Friday, December 9, 2011

Suicide is Painless

Film: M*A*S*H
Format: DVD from DeKalb Public Library on kick-ass portable DVD player.

I wasn’t that conscious of movies when I was two or three years old, which is how old I was when M*A*S*H was released. As a kid, the most relevant thing with that name was the television show, the one that ran for three times longer than the war upon which it was based. I spent a lot of evenings watching the show, and as I got older and the show was eventually retired, I watched a lot of reruns. What that means is that I have a particular view of M*A*S*H, and it’s a view that doesn’t really jibe with the film.

This isn’t to say that the film isn’t great, though, because it is. It’s a very unusual film, though, for a number of reasons. It’s also very much an Altman film in that the cast is freakin’ huge and there are tons of characters to keep track of during the course of the film. However, as a person who is so familiar with the television versions of many of these characters, it’s impossible for me to tell if the film is difficult to follow. I know almost all of the main characters, so in a real sense, I know what to expect of them.

Essentially, we have a group of doctors in a mobile Army surgical hospital (hence the initials) a few miles from the front in Korea. They patch up soldiers when they come in wounded, and otherwise spend their time trying to forget that they are in Korea. They drink, play pranks on each other, and chase nurses with reckless abandon.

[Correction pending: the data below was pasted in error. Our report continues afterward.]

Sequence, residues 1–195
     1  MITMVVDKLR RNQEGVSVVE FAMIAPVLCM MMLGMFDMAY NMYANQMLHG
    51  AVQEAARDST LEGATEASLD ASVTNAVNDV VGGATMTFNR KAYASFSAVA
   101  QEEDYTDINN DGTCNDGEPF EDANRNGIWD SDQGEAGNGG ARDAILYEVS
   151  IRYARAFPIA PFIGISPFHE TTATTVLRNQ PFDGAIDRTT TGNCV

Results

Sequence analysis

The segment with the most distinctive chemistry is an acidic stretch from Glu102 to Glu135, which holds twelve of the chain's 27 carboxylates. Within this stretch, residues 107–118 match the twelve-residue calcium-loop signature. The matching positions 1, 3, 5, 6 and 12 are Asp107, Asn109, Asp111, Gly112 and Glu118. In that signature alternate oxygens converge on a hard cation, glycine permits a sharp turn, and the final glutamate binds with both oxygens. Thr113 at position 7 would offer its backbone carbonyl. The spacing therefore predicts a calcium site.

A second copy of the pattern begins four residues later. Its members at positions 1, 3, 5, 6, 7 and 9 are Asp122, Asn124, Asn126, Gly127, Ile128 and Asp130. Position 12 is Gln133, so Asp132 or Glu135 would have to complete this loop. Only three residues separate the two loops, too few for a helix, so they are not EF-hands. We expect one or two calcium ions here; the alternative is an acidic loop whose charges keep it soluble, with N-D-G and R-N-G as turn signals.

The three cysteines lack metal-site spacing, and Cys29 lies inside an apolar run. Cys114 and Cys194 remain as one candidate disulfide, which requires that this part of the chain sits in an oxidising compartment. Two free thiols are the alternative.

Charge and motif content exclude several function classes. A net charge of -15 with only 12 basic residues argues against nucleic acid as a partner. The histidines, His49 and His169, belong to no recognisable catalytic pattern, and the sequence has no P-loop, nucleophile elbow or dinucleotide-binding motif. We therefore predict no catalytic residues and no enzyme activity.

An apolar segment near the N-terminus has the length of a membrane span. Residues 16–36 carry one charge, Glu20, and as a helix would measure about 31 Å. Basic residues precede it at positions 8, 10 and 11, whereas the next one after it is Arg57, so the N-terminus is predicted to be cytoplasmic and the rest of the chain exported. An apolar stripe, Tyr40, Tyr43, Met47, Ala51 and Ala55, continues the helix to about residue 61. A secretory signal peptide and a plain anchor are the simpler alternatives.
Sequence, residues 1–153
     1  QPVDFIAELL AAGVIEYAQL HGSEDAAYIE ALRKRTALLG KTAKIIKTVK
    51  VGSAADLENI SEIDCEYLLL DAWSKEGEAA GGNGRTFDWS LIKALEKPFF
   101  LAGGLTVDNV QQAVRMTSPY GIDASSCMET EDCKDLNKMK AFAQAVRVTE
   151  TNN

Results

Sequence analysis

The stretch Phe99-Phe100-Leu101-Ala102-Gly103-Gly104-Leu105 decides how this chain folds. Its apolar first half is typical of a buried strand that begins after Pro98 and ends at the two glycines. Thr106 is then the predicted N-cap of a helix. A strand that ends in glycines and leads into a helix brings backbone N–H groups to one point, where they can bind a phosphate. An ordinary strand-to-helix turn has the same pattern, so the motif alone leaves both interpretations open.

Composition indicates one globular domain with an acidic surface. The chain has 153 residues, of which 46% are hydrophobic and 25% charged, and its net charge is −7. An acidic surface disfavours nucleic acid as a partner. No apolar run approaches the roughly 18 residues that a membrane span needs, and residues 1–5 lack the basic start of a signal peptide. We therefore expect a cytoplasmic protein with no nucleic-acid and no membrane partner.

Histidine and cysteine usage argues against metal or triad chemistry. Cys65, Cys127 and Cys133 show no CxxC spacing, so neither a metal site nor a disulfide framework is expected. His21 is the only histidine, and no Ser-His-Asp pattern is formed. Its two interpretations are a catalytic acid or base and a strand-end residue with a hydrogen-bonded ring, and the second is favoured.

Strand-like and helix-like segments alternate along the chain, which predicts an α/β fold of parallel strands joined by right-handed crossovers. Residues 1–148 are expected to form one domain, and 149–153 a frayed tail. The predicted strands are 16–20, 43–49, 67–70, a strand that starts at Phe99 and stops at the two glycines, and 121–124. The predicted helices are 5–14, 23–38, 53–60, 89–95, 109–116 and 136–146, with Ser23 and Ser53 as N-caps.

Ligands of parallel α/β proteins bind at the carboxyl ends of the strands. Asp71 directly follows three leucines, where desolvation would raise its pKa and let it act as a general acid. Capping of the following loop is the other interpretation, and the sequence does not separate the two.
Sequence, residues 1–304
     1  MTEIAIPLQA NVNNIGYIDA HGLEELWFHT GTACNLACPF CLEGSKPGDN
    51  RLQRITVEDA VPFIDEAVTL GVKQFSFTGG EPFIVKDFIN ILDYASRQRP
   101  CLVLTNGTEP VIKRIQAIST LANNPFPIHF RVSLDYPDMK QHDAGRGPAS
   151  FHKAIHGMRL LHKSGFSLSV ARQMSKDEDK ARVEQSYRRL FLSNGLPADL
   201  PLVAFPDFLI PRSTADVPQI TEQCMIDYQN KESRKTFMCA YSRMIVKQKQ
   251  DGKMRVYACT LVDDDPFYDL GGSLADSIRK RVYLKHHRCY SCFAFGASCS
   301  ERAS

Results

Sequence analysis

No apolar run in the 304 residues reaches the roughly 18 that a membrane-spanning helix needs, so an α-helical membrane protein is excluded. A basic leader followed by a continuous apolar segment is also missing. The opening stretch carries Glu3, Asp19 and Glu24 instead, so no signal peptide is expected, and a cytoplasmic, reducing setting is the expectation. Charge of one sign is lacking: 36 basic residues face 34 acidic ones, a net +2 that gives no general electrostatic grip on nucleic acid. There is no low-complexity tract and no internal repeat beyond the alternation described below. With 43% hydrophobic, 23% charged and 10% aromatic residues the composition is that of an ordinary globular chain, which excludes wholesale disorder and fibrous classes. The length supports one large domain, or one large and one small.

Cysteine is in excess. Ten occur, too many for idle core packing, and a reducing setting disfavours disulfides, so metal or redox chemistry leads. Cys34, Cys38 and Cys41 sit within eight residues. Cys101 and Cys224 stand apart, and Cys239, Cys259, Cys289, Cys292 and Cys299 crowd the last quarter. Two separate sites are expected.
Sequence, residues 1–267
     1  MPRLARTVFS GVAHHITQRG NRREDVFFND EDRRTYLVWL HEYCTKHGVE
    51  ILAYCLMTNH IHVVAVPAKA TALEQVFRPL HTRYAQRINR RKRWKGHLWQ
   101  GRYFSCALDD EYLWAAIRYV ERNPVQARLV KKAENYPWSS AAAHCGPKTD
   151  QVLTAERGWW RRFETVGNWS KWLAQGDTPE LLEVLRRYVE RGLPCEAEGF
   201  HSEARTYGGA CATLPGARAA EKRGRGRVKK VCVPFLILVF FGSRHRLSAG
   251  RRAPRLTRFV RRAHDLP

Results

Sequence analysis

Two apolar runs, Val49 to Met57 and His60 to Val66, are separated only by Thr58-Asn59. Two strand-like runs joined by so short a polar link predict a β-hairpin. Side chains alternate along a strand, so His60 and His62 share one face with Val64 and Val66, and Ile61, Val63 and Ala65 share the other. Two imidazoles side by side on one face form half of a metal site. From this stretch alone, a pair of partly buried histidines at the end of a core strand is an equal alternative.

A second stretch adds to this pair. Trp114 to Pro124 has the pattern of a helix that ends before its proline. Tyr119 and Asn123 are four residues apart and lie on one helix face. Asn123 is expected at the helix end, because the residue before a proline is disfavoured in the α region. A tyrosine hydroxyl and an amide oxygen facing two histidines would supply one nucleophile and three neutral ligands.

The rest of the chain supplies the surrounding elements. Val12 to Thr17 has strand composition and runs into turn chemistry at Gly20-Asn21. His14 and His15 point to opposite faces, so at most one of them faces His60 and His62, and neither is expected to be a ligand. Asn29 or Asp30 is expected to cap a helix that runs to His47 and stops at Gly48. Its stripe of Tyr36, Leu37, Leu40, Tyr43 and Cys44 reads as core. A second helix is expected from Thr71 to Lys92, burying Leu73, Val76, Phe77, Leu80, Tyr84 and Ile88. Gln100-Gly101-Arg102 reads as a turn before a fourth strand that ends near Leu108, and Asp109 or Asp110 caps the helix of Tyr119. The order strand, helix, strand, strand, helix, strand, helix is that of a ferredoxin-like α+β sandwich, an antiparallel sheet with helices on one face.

The doctors that we become acquainted with first are Hawkeye Pierce (Donald Sutherland) and Duke Forrest (Tom Skerrit, almost unrecognizable without the trademark mustache). They are the new surgeons at the 4077th hospital, and the minute they arrive, they begin to turn the camp upside down, getting things running the way they like them. This task is made easier because their commander, Henry Blake (Roger Bowen), is a pushover. It’s made more difficult because their bunkmate, Frank Burns (Robert Duvall), is a by-the-book officer and deeply religious. Things are compounded in both directions with the arrival of Trapper John McIntyre (Elliott Gould), who sides with our degenerate doctor heroes, and a new head nurse named “Hot Lips” O’Houlihan (Sally Kellerman).

Essentially, M*A*S*H is completely without a plot. There are events that happen, and we see the camp personnel deal with these issues. We deal with the issues of the doctors not being up to military muster, with the fact that the camp dentist, “Painless” Waldowski (immediately recognizable character actor John Schuck) wants to commit suicide because he believes he has turned gay, and a surprise trip for Trapper and Hawkeye to Japan. Everything eventually culminates in a football game with another military outfit, complemented on the 4077th’s side with a ringer—an ex-professional football player-turned-neurosurgeon named Oliver “Spearchucker” Jones (Fred Williamson), given that nickname not because of his skin color, but because he used to throw the javelin.